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How to Adapt a Platinum Converter for Pocket Pens

(This page revised October 4, 2018)

Reference Info Index | Glossopedia  ]


Fountain pen
Fountain pen

The primary problem facing the would-be user of a 1960s or 1970s Japanese long/short “pocket pen” is finding an appropriate converter. A few of these pens can use existing converters; e.g., Pilot MYU and Elite S models accept either a CON-20 squeeze converter or a CON-40 piston converter. Most other pocket pens are not so accommodating. This article describes how to modify a Platinum converter so that it will work in Center, Kumiai, Morison, Platinum, Takara, and some Teikin pocket pens and will also yield the maximum possible ink capacity. A converter modified as described here will of course still work in full-length pens as well as in pocket pens. There might also be additional brands of pocket pens in which it will fit.

Tools Required

WARNING
WARNING
{f you don’t have a razor saw, buy a Zona or X-acto razor saw yesterday. Don’t try to fake it with an X-acto knife; the blood from your fingers would make a terrible mess.

Parts Required

Supplies Required

The Procedure

Start by disassembling the converter. Remove the bullet-shaped metal collar that holds the back end of the assembly together by unscrewing it. If any other parts came out of the clear plastic barrel when you removed the collar, push the knob into the collar from the back to separate them. If they stayed with the barrel, just pull the piston shaft to separate them. The parts are shown in this photo:

Parts, disassembled

Using a sharp X-acto knife, make a mark on the knob 0.689" (17.5 mm) from the flange at the front of the knob. Use a sharp razor saw to cut the knob to that length, as shown in the photo below.

Cut length for the knob

Use the knife to make a mark on the piston shaft 1.024" (26.0 mm) from the back surface of the soft plastic piston seal. Use the razor saw to cut the shaft to that length, as shown in the photo below.

Cut length for the piston shaft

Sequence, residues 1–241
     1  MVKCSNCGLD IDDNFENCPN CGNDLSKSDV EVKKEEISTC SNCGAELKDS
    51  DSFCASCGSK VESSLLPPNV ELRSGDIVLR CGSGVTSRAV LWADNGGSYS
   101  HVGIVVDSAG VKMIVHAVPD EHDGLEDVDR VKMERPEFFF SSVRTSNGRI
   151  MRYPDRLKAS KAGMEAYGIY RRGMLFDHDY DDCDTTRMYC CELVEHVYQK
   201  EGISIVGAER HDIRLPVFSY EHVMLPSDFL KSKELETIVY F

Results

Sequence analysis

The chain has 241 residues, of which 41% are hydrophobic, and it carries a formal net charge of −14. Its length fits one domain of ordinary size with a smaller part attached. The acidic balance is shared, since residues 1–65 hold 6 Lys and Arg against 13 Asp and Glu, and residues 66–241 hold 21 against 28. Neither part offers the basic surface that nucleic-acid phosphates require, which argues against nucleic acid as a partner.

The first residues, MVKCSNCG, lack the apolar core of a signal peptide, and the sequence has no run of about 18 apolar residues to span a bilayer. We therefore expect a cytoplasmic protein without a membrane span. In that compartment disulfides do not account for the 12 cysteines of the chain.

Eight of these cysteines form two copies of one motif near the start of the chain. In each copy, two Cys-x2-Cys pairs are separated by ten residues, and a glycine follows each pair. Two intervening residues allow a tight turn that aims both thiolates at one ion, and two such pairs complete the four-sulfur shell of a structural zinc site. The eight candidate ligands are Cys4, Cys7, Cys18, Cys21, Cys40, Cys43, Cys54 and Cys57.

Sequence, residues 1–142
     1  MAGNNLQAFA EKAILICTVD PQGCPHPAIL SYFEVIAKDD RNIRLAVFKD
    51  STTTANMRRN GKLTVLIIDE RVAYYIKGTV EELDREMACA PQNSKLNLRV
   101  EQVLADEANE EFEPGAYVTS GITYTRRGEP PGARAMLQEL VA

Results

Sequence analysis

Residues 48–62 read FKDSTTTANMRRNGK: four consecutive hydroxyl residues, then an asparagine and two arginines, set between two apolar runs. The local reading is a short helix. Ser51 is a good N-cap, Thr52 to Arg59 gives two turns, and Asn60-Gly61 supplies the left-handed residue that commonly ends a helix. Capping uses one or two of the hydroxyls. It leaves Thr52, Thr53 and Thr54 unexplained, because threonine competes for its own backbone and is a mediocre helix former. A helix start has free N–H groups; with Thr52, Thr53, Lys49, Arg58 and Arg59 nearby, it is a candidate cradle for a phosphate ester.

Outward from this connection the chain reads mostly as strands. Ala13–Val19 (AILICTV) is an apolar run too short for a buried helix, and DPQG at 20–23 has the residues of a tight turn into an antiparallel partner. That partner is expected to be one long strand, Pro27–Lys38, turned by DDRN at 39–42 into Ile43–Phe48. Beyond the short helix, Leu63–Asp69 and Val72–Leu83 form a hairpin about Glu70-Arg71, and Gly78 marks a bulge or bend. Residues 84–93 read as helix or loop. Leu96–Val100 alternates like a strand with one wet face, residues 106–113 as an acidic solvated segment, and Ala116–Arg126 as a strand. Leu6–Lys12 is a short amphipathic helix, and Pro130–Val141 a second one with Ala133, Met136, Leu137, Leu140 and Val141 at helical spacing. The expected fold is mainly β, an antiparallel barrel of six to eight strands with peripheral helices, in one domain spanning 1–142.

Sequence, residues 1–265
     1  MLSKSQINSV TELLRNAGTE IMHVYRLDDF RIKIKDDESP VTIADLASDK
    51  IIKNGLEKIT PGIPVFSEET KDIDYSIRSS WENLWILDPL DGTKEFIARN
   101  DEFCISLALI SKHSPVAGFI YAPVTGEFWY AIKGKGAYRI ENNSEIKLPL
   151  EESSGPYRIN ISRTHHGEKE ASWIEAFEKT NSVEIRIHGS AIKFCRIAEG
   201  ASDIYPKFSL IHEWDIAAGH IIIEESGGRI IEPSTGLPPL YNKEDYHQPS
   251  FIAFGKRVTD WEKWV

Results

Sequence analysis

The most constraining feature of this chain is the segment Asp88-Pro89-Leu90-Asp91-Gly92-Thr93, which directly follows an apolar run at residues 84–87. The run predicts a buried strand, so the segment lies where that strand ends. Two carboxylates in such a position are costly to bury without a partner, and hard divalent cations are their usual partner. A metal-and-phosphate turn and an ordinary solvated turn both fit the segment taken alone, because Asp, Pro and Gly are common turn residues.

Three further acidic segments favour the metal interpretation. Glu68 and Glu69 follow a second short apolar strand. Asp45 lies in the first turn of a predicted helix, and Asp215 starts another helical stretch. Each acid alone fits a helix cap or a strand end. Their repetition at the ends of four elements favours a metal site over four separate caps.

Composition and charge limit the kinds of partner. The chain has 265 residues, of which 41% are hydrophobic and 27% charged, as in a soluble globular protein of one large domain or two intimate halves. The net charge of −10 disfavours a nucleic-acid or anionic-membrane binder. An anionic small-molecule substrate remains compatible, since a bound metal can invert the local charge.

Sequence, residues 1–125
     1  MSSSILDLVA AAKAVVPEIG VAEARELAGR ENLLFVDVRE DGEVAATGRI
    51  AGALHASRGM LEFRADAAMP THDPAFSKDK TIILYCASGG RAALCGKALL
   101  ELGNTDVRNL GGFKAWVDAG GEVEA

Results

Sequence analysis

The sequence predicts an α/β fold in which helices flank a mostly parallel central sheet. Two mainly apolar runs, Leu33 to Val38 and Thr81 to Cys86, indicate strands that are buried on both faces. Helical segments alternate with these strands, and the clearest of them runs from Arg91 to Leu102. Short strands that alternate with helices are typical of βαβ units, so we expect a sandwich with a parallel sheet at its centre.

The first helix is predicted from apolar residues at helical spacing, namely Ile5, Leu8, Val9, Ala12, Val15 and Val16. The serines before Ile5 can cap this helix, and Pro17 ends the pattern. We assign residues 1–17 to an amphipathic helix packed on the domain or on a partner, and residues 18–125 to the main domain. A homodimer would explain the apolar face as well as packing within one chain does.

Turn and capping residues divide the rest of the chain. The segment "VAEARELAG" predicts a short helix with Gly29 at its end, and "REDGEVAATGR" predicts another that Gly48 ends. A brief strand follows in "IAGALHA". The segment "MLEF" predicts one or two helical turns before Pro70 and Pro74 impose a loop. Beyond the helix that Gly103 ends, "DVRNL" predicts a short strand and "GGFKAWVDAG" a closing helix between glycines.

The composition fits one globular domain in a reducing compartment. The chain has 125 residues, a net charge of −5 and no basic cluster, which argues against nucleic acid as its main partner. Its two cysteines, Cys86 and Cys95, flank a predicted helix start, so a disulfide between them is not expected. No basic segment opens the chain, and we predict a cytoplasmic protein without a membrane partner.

Using a needle file or 600- or 1000-grit sandpaper, file or sand just enough to make the two cut ends flat and smooth. If you’re using sandpaper, you can do this most easily by laying the sandpaper on the work surface and rubbing the cut surface of the piston or knob on the sandpaper while holding the part with its other end pointed straight up.

Smooth and buff the sanded surfaces with the gray side of a pink-white-gray or black-white-gray MicroMesh buff stick, and use the white to soften the edges just a little. This step is not mandatory, but you will be happier when you fill the pen and see the professional-quality work you did.

Reassemble the converter. Insert the piston partway into the barrel, fit the small black plastic collar onto the shaft, screw the knob onto the shaft until it rests against the small collar, and screw the bullet-shaped metal collar firmly back into place on the barrel.

The Result

When you’re done, you will have a converter that looks like the modified one shown here (upper). Note that the piston shaft protrudes from the back of the knob approximately 532" (4 mm).

Platinum converters
CAUTION
CAUTION
The knob is cut to the longest dimension that will fit into the pen models with the least space for a converter, including Platinum. Do not cut the shaft shorter so that it will not protrude past the end of the knob. If you do, it will be too short to engage the knob when the piston is all the way down, and the converter will not work.

In the next photo, the piston has been adjusted so that the shaft is just even with the back end of the knob, moving the piston seal forward far enough that it can be seen in the barrel. This is the way the piston must be adjusted to fit into Platinum and other pens with very restricted space for a converter. When you fill the pen, fill it all the way and then turn the knob back until the protruding end of the piston shaft is flush with the end of the knob. Clean as usual before capping.

Platinum converter

Your modified converter should fit into any of the pocket pens listed in the first paragraph above, as illustrated by the Morison in the image below. (Center pens will accept an unmodified converter, but my collection includes more pens than just a Center, and yours probably does, too.)

Fountain pen
Notes:
  1. Teikin jobbed its pocket pens from Pilot, Platinum, and Sailor. Converters modified by this procedure do not fit Teikin pens made by Pilot or Sailor.

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